The appellant testified and submitted that the respondent connected her to a one Mugerwa who did the connection that eventually resulted into the fire outbreak at her house. Appellant’s counsel hence submitted that Mugerwa was an agent of the respondent. The respondent on the other hand led evidence and submitted that Mugerwa was an independent contractor and not an employee of the Respondent and further that the Appellant was put on notice that the Respondent was not liable for work done by Mugerwa.

The appellant also faulted the tribunal on their ruling on the evidence of the police report on the source of the fire. The summary of the police report was arrived at after investigating the matter and taking witness statements, those cannot be compared with the Respondent’s evidence that he visited the crime scene and took pictures of the meter box and that was the basis for him to reject the claim. However counsel for the respondent submitted that the tribunal was right in holding that the police report (CE11) falls short of any analysis when it stated that “it is suspected that the case of fire was due to poor electricity installation by Umeme Company Contractors

I have carefully reviewed the evidence that was presented at the Electricity Disputes Tribunal hearing, submissions by both counsel as well as the decision of the tribunal hence my findings below.

The appellant claims that Mugerwa was an agent for the respondent but did not lead any evidence to prove the same and merely engaged in speculation as to his relationship with the respondent. The appellant ought to have proved to this court that Mugerwa held out as an agent of the respondent and preferably called him as a witness to prove her case which she did not do. The respondent as stressed out in the decision of the tribunal is not responsible for any consequences arising out of workmanship and materials used in installation/ wiring.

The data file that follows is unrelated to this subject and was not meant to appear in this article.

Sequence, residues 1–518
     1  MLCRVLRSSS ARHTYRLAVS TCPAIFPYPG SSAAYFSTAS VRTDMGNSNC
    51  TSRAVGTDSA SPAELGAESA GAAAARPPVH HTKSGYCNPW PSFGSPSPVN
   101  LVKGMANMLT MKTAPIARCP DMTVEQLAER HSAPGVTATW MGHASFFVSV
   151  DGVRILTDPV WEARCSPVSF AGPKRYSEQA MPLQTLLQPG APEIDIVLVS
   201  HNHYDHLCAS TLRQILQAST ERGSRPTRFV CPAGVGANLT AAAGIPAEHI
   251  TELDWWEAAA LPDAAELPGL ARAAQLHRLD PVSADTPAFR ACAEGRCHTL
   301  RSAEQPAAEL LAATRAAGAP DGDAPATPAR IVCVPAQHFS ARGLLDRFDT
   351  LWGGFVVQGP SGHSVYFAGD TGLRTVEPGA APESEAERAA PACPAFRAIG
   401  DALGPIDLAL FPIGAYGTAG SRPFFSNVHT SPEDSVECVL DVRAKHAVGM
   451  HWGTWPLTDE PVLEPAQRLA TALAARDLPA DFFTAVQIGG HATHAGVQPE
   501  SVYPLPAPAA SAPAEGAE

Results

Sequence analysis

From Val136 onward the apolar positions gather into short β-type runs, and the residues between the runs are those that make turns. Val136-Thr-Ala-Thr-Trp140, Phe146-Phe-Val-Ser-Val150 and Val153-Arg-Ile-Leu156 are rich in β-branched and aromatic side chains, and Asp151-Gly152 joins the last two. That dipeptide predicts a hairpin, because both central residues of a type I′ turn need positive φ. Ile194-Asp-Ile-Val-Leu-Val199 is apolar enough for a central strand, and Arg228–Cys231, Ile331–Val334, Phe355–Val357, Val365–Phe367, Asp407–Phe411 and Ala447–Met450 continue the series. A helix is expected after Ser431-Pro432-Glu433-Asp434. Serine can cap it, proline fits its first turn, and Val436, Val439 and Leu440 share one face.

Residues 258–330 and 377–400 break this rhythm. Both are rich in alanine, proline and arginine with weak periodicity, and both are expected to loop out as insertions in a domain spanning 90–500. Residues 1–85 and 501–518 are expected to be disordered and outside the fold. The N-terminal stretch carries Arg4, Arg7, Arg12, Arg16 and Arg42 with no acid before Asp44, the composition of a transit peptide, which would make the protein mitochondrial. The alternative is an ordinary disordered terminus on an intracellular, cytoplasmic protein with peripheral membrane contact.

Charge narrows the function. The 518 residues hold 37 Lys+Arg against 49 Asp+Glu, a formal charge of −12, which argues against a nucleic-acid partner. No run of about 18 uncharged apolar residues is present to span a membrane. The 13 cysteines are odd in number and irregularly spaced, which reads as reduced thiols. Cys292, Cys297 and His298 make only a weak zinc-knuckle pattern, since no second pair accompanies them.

With regard to the source of the fire, the evidence of the police report presented by the appellant cannot be reliably relied on by this court. The report did not state the basis of the opinion as clearly noted by the tribunal in their decision. The report did not illustrate how the conclusion that the source of the fire was electrical was reached therefore this court accordingly rejects the same.  

The appellant also submitted that the most reliable evidence as to the cause of the fire was the eye witnesses. I have perused the record and none of the witnesses was able to reliably inform the tribunal of the cause of the fire. The appellant herself (CW1) was absent when the fire broke out, CW2 stated that he did not know the source of the fire whereas CW3 came when the fire had started hence could not have witnessed the cause of the fire outbreak. The appellant only speculates that the cause of the fire was electrical. According to the case of Sulaiman Muwonge Lubega vs AG Constitutional Appeal No. 7 of 2012, as cited by counsel for the respondents; court held that all that the applicant engaged in was mere speculations and a court of law does not act on such. I associate myself with the same. The appellant has up until this point only speculated on the cause of the fire but led no evidence to prove the same.

On that basis therefore, I concur entirely with the findings and analysis of the tribunal. This ground accordingly fails.

Ground 2

The Members of the Tribunal erred in law and in fact when they held that the Appellant was not entitled to special and general damages the Respondent was not responsible for the fire outbreak.

Having found as I have on ground 1, this ground also fails.

 

This appeal is therefore dismissed.

Each party bear its own costs.

It is so ordered.

 

 

SSEKAANA MUSA

JUDGE

28th June 2019